“Bringing as much reality to the classroom is critical for today's students,” says Goldstein. “Doing so provides a realistic perspective of how the design industry truly works and injects design pragmatics into the curriculum rather than just design theory. In the case of my UPenn class, Transwall brought a level of thinking that hit on the realities of mass-production, price points, and material performance. The students benefited from regular interaction with Transwall senior level leadership, and Transwall, in turn, had rapid-fire exposure to fresh, innovative ideas."

The Give Back, Get Back Circle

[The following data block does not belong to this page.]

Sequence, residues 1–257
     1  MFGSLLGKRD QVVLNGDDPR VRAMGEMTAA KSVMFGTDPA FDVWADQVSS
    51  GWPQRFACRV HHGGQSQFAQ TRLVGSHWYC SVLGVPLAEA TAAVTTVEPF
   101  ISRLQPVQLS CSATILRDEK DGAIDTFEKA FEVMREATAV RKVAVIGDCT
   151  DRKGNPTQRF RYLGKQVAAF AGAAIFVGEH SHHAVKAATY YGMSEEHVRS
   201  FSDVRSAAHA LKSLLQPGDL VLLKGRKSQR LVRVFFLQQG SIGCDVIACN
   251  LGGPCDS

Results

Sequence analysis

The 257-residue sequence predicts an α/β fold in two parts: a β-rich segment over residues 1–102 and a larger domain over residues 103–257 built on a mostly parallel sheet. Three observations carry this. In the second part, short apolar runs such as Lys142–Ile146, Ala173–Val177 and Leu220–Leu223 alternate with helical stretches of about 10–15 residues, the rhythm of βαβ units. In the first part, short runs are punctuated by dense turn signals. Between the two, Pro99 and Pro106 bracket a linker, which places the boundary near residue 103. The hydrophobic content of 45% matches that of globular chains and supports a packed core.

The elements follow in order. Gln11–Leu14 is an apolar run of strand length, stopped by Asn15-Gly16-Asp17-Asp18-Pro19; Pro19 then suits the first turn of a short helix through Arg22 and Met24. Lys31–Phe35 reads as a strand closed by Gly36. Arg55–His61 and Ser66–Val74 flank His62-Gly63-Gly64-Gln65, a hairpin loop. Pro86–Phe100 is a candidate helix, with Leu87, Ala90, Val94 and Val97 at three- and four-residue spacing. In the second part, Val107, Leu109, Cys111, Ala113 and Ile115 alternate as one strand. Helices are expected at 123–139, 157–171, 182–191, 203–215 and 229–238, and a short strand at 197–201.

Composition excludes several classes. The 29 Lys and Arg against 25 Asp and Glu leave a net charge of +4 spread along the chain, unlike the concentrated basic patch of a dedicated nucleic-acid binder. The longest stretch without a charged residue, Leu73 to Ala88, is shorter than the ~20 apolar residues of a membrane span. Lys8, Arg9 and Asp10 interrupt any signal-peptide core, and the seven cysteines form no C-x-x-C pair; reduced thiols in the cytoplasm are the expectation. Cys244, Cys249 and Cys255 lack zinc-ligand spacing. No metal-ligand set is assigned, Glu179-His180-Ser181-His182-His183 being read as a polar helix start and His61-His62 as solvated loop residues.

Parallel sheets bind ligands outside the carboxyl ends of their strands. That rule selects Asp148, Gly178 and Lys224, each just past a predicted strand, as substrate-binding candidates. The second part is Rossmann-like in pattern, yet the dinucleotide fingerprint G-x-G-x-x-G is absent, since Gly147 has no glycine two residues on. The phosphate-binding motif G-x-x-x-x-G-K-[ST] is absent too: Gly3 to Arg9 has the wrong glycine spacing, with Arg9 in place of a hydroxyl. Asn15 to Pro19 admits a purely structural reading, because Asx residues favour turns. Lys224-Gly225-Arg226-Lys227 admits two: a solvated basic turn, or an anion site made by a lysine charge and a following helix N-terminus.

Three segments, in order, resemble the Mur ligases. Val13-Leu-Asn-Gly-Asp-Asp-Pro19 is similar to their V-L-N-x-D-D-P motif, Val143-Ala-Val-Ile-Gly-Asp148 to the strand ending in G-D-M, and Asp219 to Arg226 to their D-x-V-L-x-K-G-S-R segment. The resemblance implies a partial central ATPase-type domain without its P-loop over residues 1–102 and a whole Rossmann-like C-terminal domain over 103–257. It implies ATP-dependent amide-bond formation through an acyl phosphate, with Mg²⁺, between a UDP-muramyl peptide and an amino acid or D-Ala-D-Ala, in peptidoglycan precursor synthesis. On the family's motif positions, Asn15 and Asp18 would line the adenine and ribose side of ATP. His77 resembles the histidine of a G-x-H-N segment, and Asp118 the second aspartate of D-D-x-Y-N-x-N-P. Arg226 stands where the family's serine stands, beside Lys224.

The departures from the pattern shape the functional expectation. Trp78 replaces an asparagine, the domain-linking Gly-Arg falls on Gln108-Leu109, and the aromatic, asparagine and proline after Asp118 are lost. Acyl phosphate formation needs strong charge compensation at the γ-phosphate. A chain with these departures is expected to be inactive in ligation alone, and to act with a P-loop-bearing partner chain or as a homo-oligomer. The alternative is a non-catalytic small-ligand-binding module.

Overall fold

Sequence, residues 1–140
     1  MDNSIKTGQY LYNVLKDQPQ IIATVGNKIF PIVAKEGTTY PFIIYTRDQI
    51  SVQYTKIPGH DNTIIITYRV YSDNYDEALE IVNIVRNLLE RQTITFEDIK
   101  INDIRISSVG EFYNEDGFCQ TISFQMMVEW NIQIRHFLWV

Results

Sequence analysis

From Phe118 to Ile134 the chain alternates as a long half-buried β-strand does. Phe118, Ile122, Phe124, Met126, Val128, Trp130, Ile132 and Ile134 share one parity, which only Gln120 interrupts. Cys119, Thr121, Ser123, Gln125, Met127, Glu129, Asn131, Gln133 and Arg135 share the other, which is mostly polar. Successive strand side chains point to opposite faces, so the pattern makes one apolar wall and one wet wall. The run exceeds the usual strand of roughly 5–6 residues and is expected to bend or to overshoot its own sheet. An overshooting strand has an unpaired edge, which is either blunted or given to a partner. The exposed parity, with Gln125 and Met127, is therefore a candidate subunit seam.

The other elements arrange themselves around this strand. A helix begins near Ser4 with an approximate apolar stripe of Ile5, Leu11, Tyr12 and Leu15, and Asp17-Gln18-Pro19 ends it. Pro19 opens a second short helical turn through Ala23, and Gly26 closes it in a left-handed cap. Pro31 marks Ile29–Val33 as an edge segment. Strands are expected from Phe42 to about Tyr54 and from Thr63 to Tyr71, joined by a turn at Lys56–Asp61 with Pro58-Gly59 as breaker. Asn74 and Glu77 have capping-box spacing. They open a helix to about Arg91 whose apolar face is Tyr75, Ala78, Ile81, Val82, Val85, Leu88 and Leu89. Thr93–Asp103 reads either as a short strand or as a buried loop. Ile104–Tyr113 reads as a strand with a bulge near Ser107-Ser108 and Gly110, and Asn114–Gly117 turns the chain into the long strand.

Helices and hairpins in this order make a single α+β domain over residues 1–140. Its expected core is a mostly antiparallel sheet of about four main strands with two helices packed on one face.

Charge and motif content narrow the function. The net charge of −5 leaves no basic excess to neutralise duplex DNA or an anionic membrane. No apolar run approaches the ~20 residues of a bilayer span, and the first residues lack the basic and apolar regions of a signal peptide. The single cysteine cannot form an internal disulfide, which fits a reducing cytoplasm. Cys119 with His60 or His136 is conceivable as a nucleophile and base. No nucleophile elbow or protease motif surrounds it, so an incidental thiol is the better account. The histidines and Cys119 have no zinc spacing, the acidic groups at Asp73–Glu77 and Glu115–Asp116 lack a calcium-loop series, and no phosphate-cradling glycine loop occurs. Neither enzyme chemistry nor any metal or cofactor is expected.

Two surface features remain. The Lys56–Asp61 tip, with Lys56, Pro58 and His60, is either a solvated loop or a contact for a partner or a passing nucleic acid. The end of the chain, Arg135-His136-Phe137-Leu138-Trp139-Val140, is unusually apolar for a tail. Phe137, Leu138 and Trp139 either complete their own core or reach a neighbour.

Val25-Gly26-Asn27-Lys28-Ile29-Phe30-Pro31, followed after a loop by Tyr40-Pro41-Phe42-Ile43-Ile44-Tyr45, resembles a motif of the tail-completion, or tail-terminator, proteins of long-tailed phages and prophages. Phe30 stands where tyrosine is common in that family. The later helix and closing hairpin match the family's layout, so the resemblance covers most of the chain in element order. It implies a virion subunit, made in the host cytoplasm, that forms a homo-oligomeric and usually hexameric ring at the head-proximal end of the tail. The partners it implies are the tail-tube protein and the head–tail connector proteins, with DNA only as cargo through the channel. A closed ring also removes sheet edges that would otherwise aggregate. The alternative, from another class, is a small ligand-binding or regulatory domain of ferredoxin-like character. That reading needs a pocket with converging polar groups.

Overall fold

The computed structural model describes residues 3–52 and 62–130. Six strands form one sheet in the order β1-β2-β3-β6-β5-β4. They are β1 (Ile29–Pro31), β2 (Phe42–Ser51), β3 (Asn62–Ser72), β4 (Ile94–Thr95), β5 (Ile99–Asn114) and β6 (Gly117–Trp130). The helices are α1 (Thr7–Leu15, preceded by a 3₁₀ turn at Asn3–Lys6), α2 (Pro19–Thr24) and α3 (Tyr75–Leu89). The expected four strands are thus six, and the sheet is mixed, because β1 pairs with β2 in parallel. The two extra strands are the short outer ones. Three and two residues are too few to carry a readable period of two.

Manufacturers who “give back” are not doing so purely out of altruism. They are savvy enough to know that good ultimately will result in better sales relationships and/or new design ideas. Perhaps Terry Mowers, chief creative officer for Tandus Flooring, says it best: “Design professionals have many suppliers and manufacturers that call on them for their time and attention. We constantly are asking ourselves, ‘What can we do as a true partner that adds value, to give something back.’ Over the years, we have created programs for design professionals that promote learning, collaboration, and greater insight. We receive tangible benefits, as well. The interaction leads to deeper relationships among everyone and dialogue that has sparked innovation.”